JERUSALEM — A prominent Israeli court issued an order Friday night halting the auction of an Israeli group’s “anti-Auschwitz tattoo kit” following a request from a survivor who said it belonged to a boy at the Nazi death camp, an attorney for the court said.
The auction, which was to take place on the Internet from Vienna, Austria, was part of what the auction site has described as an annual Holocaust auction. It was expected to bring in some $20,000.
Neither the auction house nor the survivor’s lawyer, however, would confirm that the tool, which according to the group’s website was used to tattoo Nazi guards, belonged to the boy who reportedly performed his duties with it.
Legal experts had speculated that if the sale of the tattoo kit took place, it would constitute fraud because of how the process was claimed to have been used at the death camp.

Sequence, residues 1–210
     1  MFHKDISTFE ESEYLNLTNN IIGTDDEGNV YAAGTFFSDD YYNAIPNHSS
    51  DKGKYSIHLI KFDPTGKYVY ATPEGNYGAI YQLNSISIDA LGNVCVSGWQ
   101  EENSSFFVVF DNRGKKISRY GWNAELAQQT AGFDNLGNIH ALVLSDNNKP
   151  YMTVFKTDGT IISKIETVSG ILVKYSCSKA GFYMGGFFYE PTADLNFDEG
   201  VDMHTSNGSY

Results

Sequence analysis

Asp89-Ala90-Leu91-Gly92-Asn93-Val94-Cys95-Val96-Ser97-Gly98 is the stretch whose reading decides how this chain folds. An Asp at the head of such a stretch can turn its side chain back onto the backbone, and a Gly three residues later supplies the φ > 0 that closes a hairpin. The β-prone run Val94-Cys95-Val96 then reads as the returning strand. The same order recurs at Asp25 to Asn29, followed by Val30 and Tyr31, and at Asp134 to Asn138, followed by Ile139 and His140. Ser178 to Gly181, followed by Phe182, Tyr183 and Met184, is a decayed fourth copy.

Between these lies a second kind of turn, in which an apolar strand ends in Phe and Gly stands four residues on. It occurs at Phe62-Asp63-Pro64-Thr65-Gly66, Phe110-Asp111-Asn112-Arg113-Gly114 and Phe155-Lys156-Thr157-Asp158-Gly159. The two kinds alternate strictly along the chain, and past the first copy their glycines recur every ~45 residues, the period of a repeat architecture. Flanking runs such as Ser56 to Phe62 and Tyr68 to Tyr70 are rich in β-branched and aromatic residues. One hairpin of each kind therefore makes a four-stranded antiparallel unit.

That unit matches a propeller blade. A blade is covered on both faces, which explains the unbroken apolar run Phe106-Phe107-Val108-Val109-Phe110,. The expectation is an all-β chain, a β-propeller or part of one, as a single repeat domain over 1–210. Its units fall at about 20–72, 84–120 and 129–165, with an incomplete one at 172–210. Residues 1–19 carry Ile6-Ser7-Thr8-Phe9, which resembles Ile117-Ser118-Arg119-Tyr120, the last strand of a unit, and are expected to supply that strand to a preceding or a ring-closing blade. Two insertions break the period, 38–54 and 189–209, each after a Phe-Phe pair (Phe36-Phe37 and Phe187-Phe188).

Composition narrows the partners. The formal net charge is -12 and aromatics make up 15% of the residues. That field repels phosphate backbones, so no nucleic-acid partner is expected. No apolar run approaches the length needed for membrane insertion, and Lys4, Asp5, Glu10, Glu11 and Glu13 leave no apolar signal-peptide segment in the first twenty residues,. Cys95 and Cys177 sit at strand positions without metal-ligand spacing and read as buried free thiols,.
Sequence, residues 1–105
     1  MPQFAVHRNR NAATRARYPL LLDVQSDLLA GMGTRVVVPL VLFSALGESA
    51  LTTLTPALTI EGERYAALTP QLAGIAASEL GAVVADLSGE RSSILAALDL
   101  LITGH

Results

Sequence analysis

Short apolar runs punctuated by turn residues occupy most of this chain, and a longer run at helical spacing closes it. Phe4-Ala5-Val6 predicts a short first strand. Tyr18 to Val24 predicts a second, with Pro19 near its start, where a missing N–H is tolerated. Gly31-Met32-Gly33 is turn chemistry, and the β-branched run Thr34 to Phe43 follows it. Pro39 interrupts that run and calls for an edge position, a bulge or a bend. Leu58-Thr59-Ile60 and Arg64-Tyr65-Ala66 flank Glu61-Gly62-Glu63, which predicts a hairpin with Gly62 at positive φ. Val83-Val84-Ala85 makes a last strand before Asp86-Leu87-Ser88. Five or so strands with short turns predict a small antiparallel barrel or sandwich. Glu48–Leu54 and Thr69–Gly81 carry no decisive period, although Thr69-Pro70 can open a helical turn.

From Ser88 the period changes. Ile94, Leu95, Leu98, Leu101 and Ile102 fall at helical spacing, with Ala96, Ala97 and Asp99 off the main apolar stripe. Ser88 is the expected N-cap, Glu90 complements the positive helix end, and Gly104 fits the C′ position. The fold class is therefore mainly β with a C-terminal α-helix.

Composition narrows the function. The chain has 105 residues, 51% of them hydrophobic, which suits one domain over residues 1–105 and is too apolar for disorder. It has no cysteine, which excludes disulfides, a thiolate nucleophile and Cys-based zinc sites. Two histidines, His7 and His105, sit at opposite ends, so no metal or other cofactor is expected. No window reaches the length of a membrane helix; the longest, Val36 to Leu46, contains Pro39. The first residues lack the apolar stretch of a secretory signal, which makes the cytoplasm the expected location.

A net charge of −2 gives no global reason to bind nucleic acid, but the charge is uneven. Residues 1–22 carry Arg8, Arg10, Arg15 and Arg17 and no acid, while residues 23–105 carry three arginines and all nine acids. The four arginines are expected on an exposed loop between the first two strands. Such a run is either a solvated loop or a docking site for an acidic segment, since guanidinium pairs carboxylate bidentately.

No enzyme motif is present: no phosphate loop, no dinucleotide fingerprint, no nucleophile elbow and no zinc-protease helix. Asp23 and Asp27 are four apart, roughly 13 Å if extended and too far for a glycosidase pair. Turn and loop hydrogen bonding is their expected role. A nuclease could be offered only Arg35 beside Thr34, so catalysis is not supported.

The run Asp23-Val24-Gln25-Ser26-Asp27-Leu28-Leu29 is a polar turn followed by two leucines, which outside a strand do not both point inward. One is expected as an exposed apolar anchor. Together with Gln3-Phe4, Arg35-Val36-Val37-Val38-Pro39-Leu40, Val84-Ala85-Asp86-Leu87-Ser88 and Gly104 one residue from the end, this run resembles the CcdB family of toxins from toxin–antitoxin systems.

Bearing the mark of Auschwitz inmate No. 843134, Reuven Salom, a survivor who is 90 years old, told Channel 2 news on Thursday that the tattoo kit belonged to a boy whose death camp service dated from 1944.
“They wanted to reach that level of uniqueness that you cannot achieve in other ways,” Salom said of the victim who got the tattoo. “It was to inflict a unique mark on their body that will stand the test of time and tell everyone that that man was an accomplice of the murder of Jews.”
But Shachar Giladi, an attorney representing the Israeli auction house, Europcar, told The Associated Press that his clients already own the tattoo kit and have no connection to the alleged victim.
Giladi said he believed that the auction site and seller had merely offered to sell the kit to another interested party.
He said the auction site had already received three bids, with the highest of $2,200 on Friday night. But he added that his clients were working to get the auction to be halted immediately and were expected to file a lawsuit on Saturday.
Europcar is a popular automobile rental company that is active in several markets throughout Europe. Europcar officials did not immediately respond to requests for comment on Friday night.